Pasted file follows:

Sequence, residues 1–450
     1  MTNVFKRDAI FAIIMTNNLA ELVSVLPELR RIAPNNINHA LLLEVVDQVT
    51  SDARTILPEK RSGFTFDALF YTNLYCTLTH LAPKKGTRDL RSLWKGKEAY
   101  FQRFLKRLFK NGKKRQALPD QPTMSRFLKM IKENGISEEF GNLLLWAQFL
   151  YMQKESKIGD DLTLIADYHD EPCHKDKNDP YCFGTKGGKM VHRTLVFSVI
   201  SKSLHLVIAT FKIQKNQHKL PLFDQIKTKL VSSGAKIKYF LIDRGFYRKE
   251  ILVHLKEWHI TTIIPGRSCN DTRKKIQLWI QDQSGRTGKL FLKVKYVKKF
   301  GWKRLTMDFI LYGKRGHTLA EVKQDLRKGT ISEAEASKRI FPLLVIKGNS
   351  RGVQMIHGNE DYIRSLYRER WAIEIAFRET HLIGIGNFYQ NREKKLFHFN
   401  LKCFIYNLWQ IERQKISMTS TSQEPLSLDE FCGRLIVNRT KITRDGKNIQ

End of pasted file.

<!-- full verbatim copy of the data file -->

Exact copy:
Sequence, residues 1–450
     1  MTNVFKRDAI FAIIMTNNLA ELVSVLPELR RIAPNNINHA LLLEVVDQVT
    51  SDARTILPEK RSGFTFDALF YTNLYCTLTH LAPKKGTRDL RSLWKGKEAY
   101  FQRFLKRLFK NGKKRQALPD QPTMSRFLKM IKENGISEEF GNLLLWAQFL
   151  YMQKESKIGD DLTLIADYHD EPCHKDKNDP YCFGTKGGKM VHRTLVFSVI
   201  SKSLHLVIAT FKIQKNQHKL PLFDQIKTKL VSSGAKIKYF LIDRGFYRKE
   251  ILVHLKEWHI TTIIPGRSCN DTRKKIQLWI QDQSGRTGKL FLKVKYVKKF
   301  GWKRLTMDFI LYGKRGHTLA EVKQDLRKGT ISEAEASKRI FPLLVIKGNS
   351  RGVQMIHGNE DYIRSLYRER WAIEIAFRET HLIGIGNFYQ NREKKLFHFN
   401  LKCFIYNLWQ IERQKISMTS TSQEPLSLDE FCGRLIVNRT KITRDGKNIQ